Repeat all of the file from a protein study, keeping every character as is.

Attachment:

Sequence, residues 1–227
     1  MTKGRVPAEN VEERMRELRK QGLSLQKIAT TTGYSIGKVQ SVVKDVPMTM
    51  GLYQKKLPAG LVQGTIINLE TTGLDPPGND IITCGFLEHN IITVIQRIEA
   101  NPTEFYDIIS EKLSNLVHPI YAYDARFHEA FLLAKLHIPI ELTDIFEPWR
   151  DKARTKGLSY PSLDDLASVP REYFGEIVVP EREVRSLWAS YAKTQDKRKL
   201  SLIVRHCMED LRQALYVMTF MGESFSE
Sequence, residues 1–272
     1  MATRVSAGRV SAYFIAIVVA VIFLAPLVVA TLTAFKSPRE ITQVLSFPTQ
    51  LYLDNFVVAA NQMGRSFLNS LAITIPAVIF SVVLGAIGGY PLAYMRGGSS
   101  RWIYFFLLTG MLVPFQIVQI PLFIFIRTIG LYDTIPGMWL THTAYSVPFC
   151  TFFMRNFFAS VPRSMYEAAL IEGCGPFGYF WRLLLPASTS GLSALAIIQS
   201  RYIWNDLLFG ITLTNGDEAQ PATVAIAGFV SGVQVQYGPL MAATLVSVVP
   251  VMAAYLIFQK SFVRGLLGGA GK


Sequence, residues 1–227
     1  MTKGRVPAEN VEERMRELRK QGLSLQKIAT TTGYSIGKVQ SVVKDVPMTM
    51  GLYQKKLPAG LVQGTIINLE TTGLDPPGND IITCGFLEHN IITVIQRIEA
   101  NPTEFYDIIS EKLSNLVHPI YAYDARFHEA FLLAKLHIPI ELTDIFEPWR
   151  DKARTKGLSY PSLDDLASVP REYFGEIVVP EREVRSLWAS YAKTQDKRKL
   201  SLIVRHCMED LRQALYVMTF MGESFSE
Sequence, residues 1–272
     1  MATRVSAGRV SAYFIAIVVA VIFLAPLVVA TLTAFKSPRE ITQVLSFPTQ
    51  LYLDNFVVAA NQMGRSFLNS LAITIPAVIF SVVLGAIGGY PLAYMRGGSS
   101  RWIYFFLLTG MLVPFQIVQI PLFIFIRTIG LYDTIPGMWL THTAYSVPFC
   151  TFFMRNFFAS VPRSMYEAAL IEGCGPFGYF WRLLLPASTS GLSALAIIQS
   201  RYIWNDLLFG ITLTNGDEAQ PATVAIAGFV SGVQVQYGPL MAATLVSVVP
   251  VMAAYLIFQK SFVRGLLGGA GK